America does not have a startup visa to facilitate job creation, even though such a visa could help create 1 million or more jobs over a decade. Canada has a startup visa, and uses it to provide another path to assimilate foreign-born talent.

“Canada is committed to increasing the number of immigrants to its country and is increasingly drawing talent from the U.S. through its Express Entry program and an economic immigration process that targets high-skilled workers,” testified Dr. Sudip Parikh, CEO and Executive Publisher of Science Journals at the American Association for the Advancement of Science.

“Time after time, I hear stories from TECNA members of key vacancies in companies that are impeding organizational function and growth,” testified Jennifer Grundy Young, CEO of the Technology Councils of North America (TECNA). “Most often, I hear about the inability to find software engineers.”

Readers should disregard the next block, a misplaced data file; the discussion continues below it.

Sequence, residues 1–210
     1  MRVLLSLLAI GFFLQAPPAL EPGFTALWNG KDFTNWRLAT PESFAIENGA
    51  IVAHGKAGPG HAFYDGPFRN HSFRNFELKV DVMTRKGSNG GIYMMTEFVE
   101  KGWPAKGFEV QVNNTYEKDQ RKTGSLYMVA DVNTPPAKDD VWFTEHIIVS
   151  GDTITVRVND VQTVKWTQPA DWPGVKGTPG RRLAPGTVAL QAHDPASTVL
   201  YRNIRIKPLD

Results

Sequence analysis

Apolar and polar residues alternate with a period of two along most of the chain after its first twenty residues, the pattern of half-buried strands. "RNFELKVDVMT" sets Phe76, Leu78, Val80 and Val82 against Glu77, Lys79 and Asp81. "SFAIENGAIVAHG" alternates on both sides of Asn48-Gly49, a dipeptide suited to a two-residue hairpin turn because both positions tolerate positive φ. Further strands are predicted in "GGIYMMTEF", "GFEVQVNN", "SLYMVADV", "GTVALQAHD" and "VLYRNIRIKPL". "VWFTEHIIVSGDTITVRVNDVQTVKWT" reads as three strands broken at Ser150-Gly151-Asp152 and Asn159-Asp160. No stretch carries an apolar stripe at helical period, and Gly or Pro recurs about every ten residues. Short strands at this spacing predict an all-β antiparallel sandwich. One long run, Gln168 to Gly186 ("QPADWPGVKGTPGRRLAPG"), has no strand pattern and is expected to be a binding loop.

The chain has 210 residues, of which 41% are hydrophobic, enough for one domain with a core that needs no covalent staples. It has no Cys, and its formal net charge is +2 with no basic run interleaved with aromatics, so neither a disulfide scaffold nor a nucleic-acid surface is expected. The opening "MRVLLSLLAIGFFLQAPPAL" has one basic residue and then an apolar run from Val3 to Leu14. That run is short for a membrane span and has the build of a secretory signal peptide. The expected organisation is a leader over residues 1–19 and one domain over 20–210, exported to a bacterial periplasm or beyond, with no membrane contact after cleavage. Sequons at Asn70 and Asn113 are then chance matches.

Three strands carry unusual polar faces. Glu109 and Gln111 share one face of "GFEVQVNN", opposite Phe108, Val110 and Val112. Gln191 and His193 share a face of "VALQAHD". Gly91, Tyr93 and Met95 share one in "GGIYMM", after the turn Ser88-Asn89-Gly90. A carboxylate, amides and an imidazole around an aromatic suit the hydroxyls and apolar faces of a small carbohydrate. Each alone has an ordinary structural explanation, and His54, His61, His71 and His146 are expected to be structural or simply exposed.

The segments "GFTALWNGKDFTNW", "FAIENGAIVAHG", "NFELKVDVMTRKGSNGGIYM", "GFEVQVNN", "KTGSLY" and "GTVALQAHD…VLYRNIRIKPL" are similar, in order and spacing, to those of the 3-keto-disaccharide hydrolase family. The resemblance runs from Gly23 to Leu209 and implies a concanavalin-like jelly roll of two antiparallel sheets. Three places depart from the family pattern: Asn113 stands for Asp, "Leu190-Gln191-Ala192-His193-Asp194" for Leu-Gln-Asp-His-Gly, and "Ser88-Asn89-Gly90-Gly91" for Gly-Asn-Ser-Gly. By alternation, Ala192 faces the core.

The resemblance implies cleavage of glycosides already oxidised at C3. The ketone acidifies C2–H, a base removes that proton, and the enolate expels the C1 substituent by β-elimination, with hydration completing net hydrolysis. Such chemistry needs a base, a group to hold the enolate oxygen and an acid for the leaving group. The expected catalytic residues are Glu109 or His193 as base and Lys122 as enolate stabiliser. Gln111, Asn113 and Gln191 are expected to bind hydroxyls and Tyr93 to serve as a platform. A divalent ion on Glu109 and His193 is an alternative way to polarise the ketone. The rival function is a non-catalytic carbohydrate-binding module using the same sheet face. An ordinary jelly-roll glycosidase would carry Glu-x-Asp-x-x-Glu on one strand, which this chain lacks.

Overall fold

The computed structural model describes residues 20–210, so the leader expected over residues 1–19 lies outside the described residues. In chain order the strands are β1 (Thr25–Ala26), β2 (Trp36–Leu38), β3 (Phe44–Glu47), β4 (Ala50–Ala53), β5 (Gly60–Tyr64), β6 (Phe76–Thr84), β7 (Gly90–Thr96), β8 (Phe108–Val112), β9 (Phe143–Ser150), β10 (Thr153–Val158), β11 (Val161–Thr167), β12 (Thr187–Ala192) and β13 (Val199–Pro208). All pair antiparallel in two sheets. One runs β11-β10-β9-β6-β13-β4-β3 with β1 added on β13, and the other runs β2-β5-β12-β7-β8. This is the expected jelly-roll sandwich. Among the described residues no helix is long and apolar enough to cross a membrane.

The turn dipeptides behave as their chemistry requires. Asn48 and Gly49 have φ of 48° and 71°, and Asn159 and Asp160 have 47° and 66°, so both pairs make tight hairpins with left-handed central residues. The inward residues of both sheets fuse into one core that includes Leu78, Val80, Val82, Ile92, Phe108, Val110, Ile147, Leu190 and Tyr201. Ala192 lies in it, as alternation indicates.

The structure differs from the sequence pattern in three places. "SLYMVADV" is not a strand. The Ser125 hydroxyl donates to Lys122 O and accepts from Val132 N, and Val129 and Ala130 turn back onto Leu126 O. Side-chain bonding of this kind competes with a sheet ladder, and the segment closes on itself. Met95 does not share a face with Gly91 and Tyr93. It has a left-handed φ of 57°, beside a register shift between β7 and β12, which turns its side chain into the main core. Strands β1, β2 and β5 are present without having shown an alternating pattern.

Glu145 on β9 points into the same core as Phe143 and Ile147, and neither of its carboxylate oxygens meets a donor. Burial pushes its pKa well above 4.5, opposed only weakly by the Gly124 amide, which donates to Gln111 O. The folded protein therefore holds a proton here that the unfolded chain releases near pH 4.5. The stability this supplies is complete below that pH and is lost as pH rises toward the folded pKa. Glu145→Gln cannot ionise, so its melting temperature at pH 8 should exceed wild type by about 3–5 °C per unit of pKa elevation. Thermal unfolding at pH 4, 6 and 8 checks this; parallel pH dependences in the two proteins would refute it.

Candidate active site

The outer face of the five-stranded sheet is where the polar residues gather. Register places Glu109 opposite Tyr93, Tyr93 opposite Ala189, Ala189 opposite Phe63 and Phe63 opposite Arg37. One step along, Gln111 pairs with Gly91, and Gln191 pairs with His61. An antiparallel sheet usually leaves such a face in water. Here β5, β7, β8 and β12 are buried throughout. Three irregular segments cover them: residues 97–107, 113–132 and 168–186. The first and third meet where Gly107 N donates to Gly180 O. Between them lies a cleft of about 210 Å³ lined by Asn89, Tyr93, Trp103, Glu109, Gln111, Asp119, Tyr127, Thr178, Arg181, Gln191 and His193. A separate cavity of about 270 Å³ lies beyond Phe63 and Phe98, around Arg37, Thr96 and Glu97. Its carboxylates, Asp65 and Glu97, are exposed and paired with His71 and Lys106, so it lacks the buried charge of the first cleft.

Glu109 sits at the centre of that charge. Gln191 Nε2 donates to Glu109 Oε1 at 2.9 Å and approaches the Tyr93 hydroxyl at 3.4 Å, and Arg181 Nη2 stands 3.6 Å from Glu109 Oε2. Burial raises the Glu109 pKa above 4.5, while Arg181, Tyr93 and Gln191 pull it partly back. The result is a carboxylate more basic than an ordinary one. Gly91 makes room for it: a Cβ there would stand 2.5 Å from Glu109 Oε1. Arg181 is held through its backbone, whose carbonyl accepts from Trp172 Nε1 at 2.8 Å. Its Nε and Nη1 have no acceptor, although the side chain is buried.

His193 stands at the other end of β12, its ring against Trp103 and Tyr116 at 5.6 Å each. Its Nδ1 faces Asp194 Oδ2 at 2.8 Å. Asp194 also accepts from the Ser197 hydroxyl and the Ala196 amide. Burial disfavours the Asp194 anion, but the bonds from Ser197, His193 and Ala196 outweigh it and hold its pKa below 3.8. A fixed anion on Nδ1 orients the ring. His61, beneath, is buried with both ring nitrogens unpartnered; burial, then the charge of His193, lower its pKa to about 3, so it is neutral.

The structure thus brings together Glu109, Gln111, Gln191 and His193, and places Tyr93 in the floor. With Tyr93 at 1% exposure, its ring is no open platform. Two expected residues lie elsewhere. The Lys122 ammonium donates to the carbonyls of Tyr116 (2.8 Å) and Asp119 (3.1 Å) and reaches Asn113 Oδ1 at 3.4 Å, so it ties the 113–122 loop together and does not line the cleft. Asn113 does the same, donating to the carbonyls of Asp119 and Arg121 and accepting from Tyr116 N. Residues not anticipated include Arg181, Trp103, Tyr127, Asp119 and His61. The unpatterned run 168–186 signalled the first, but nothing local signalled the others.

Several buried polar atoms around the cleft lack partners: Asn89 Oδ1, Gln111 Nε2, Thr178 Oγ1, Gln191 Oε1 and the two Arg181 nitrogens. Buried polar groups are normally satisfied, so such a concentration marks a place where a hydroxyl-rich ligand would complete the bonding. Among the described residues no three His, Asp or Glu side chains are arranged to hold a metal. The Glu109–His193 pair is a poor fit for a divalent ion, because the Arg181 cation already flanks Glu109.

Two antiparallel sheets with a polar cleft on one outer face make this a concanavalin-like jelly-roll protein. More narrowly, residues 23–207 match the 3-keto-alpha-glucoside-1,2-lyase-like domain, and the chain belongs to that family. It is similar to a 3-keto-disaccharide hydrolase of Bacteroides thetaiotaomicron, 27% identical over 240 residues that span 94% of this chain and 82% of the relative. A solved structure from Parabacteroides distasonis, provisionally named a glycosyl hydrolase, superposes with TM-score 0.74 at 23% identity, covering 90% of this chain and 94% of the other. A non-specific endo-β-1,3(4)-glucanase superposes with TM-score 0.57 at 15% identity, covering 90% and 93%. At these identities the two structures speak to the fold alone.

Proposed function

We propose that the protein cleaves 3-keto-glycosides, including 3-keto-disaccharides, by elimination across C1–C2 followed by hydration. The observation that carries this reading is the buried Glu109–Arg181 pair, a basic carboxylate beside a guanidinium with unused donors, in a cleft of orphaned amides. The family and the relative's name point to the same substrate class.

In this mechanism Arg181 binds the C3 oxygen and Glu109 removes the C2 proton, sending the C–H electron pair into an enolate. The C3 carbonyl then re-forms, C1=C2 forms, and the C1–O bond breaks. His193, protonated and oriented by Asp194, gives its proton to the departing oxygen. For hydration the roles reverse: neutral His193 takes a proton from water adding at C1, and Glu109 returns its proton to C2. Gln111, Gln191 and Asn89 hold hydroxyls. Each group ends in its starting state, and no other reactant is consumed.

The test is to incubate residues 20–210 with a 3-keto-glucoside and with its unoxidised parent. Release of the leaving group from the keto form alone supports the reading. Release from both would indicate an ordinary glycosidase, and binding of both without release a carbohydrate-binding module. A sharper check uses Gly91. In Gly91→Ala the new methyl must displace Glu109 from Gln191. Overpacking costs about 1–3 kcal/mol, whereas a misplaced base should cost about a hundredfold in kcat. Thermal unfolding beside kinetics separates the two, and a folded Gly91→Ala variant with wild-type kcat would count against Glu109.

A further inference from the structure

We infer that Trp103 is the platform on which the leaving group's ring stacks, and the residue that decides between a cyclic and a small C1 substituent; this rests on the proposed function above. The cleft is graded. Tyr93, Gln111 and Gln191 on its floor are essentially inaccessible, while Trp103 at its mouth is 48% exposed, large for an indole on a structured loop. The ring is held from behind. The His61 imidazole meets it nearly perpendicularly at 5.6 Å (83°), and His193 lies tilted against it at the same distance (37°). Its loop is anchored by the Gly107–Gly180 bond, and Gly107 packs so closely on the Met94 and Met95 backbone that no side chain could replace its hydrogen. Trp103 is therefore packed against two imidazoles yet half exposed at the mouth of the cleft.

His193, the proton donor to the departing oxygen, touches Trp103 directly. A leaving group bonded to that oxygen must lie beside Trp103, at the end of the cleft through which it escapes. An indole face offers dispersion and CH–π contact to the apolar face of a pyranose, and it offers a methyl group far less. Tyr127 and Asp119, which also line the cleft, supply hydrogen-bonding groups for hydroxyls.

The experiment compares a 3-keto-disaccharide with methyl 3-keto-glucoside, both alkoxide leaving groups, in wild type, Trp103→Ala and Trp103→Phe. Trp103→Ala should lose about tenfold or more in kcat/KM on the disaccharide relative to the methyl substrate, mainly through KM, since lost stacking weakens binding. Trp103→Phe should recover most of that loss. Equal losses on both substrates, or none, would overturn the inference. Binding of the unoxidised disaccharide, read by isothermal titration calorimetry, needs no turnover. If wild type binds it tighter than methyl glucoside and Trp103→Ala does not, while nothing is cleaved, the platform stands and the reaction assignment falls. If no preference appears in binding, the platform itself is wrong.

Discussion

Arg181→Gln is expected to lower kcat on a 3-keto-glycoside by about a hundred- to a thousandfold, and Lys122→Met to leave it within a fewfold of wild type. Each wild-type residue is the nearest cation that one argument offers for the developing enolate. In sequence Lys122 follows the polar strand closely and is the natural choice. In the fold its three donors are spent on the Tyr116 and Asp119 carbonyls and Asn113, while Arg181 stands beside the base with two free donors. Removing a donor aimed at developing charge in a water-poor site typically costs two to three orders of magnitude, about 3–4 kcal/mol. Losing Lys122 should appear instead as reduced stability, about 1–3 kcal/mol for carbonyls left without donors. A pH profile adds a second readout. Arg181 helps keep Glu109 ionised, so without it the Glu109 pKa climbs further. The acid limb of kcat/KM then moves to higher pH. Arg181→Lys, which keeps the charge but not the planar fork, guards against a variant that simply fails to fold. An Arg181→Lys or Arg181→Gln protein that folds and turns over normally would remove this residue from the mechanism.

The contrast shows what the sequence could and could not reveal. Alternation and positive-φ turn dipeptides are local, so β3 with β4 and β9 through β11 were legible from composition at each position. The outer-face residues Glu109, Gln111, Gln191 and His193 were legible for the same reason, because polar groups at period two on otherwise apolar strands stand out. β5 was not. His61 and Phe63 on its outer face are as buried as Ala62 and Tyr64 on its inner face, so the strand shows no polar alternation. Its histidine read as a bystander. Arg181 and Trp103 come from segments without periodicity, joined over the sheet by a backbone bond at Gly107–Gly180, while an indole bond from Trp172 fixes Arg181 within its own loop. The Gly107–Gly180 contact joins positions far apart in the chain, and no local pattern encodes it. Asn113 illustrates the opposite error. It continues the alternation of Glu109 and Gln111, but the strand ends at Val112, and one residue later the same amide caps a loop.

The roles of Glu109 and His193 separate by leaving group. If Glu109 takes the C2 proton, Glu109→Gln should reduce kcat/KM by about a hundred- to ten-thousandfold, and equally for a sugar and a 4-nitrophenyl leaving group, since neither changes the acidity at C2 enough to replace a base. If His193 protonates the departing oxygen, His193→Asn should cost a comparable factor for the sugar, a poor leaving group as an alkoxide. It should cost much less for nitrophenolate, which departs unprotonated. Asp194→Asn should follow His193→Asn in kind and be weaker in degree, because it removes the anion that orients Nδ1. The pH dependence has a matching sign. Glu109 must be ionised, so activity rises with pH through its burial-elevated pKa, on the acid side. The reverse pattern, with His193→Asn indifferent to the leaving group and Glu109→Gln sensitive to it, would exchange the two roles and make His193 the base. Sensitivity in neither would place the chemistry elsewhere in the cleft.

At the hearing, Rep. Lofgren pointed to a recent Axios article that found between 2015 and 2020, San Francisco’s tech talent pool increased 16%, while Toronto’s increased 31% and Toronto’s 43%. “Three of the cities with the biggest gains are in Canada,” according to Axios. “As we’ve reported, there was a steady ‘brain drain’ from the U.S. to Canada in the age of Trump as Canada took advantage of America’s hardline immigration policies.”

If one listened to some Republican members of the subcommittee and their witness at the hearing, one would think nobody in America can find a technology-related job because of foreign-born scientists and engineers.

However, except for doctors, lawyers and professional athletes, there may not be a more highly compensated group of U.S. citizens than native-born Americans with degrees in computer-related majors. “Median earnings of [native-born] college graduates with a computer-related major are 35% higher than other STEM [science, technology, engineering and math] majors and fully 83% higher than non-STEM majors,” according to an analysis of Census data by University of North Florida economics professor Madeline Zavodny for the National Foundation for American Policy.